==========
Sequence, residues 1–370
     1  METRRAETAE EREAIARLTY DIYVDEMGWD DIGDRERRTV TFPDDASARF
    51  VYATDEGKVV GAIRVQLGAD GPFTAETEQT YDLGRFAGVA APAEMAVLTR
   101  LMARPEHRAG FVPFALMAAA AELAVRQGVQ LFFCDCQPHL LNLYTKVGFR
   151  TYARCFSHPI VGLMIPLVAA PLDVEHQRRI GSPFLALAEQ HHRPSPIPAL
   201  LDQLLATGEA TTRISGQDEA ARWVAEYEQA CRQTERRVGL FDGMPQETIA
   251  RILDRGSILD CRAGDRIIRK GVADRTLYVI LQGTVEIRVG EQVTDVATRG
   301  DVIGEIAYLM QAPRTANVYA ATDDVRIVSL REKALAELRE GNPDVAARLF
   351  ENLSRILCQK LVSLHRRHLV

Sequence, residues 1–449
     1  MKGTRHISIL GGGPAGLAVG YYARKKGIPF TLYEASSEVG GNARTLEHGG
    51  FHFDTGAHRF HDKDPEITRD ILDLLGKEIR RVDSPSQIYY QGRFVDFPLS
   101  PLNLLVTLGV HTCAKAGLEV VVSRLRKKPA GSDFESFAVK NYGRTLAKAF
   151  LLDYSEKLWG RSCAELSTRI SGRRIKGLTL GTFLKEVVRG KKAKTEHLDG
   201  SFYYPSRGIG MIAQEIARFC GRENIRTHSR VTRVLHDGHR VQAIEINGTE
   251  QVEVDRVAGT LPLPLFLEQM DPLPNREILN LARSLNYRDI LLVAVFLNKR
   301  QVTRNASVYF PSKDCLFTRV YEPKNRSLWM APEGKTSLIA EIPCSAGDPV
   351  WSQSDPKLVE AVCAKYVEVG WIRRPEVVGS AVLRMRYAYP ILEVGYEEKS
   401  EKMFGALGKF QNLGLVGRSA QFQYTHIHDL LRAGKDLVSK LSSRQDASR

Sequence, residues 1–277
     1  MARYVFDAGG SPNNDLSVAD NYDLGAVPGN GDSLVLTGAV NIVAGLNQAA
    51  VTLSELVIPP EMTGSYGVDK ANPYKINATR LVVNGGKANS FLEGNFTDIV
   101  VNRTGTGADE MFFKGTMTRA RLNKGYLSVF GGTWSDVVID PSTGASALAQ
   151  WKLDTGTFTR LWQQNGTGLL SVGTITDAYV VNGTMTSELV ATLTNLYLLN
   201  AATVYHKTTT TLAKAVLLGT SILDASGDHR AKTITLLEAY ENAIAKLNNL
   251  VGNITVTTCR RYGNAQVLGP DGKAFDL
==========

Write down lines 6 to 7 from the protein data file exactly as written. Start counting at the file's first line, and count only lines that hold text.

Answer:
   201  LDQLLATGEA TTRISGQDEA ARWVAEYEQA CRQTERRVGL FDGMPQETIA
   251  RILDRGSILD CRAGDRIIRK GVADRTLYVI LQGTVEIRVG EQVTDVATRG